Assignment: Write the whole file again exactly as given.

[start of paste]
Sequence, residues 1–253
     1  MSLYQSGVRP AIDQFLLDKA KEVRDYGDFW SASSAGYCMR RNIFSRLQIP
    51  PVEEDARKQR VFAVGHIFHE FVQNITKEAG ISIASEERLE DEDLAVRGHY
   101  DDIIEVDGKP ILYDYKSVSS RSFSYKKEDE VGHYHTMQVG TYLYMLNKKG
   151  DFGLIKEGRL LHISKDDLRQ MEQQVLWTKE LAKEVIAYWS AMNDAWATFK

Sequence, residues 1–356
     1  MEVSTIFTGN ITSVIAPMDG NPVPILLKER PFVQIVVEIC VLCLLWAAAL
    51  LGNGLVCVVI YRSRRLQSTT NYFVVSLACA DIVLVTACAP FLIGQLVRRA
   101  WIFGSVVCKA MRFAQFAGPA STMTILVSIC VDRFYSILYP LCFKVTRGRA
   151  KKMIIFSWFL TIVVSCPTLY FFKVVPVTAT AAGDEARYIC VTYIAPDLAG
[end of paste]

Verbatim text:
Sequence, residues 1–253
     1  MSLYQSGVRP AIDQFLLDKA KEVRDYGDFW SASSAGYCMR RNIFSRLQIP
    51  PVEEDARKQR VFAVGHIFHE FVQNITKEAG ISIASEERLE DEDLAVRGHY
   101  DDIIEVDGKP ILYDYKSVSS RSFSYKKEDE VGHYHTMQVG TYLYMLNKKG
   151  DFGLIKEGRL LHISKDDLRQ MEQQVLWTKE LAKEVIAYWS AMNDAWATFK

Sequence, residues 1–356
     1  MEVSTIFTGN ITSVIAPMDG NPVPILLKER PFVQIVVEIC VLCLLWAAAL
    51  LGNGLVCVVI YRSRRLQSTT NYFVVSLACA DIVLVTACAP FLIGQLVRRA
   101  WIFGSVVCKA MRFAQFAGPA STMTILVSIC VDRFYSILYP LCFKVTRGRA
   151  KKMIIFSWFL TIVVSCPTLY FFKVVPVTAT AAGDEARYIC VTYIAPDLAG